Following weeks of document filings filled with charges and rebuttals, Apple Inc. (NASDAQ: AAPL) and Epic Games, maker of the wildly popular Fortnite, get the chance to call one another names in front of a judge. At stake is Apple’s grip on in-app payments on products listed in the App Store.
Nearly a year ago, Epic Games offered to sell game items at a discount to the App Store price if the purchases were made outside Apple’s in-app payment system. Within hours, Apple stopped selling the Fortnite game and other items.
At issue is whether Apple should be able to control the apps people buy to install on their iPhones, iPads and Apple Watches. Not only that, but should popular items like Fortnite have to pay a 30% cut to Apple? Apple, unsurprisingly, says yes. Epic, also unsurprisingly, says no.
Apple’s argument is that it provides control and management over the apps that are available for its devices, thereby guaranteeing that they are safe to use. The company should get paid for that. But, Epic asks, should Apple have a monopoly on apps for its devices? And is a 30% commission reasonable?
Last week, the European Union officially began an investigation into Apple’s policy on streaming music that could cost the company up to $27 billion in fines.
Apple’s introduction of its App Tracking Transparency (ATT) feature in iOS 14.5 could turn into a game of whack-a-mole for the world’s largest company. Ad Exchanger noted this morning that an advertising association in China has government backing to create its own ad-tracking ID to replace the ID for Advertising (IDFA) that Apple’s ATT no longer supports.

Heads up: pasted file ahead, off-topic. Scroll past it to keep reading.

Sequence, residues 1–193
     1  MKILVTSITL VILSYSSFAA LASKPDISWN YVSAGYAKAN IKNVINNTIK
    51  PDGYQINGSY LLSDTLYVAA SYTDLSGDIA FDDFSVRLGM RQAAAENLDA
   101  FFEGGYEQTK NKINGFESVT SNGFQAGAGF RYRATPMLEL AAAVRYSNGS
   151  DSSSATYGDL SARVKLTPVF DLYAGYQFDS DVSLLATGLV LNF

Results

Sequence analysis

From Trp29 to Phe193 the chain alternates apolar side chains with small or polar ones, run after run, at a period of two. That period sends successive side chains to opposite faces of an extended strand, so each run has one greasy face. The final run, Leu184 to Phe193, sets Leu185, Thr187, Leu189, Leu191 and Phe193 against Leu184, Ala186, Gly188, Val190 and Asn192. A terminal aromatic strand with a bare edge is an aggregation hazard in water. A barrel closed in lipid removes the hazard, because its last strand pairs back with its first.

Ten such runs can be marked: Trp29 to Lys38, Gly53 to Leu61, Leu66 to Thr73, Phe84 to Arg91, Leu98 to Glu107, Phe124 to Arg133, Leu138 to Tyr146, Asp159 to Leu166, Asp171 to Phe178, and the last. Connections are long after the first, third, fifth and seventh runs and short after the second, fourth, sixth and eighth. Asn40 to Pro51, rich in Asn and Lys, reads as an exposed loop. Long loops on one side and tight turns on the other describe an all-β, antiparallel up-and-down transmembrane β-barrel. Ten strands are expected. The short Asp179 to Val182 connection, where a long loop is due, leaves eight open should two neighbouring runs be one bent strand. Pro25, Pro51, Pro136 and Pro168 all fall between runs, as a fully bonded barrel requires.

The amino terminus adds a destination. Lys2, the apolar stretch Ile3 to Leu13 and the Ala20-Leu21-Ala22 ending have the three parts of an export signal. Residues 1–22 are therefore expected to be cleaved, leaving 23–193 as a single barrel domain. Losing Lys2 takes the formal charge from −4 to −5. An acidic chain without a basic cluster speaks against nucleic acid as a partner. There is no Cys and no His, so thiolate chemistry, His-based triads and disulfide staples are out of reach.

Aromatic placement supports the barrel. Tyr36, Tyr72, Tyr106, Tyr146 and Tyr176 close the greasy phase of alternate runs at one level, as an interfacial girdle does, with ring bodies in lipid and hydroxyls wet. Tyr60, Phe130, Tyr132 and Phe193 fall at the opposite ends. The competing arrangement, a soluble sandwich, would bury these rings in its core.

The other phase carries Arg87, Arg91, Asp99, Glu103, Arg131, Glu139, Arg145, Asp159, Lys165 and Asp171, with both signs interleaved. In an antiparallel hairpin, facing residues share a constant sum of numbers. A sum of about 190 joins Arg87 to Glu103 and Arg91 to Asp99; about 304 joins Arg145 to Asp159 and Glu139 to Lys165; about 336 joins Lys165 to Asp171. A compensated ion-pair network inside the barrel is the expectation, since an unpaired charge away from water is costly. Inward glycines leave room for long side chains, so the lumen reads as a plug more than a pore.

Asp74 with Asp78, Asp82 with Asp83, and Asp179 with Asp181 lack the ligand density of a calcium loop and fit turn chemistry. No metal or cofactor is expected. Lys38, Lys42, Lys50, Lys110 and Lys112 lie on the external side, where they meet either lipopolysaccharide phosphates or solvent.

Well, some enterprising app developers have said, if the Chinese tracker, called a CAID, works in China, it should work everywhere. The only thing stopping developers from going that route is the fear of being kicked out of the App Store.
Can Apple afford to let developers try this without scrutinizing the apps for violations? Ad exchanger notes Apple Senior Vice President Craig Federighi’s comment to The Wall Street Journal:
There are other techniques that developers over time have developed, like fingerprinting, as a bit of a cat-and-mouse game around other ways that an app might scheme to create a tracking identifier. And it’s a policy issue for us to say, you must not do that … We can’t ensure at the system level that they’re not tracking; we can do so at a policy level.
Facebook is thinking of taking a different route. The social media giant is threatening your wallet. Both Facebook and Instagram now display a notice warning people that if they choose to block tracking on Facebook or Instagram, the apps may no longer be available for free. Whether this is Apple-legal remains to be seen.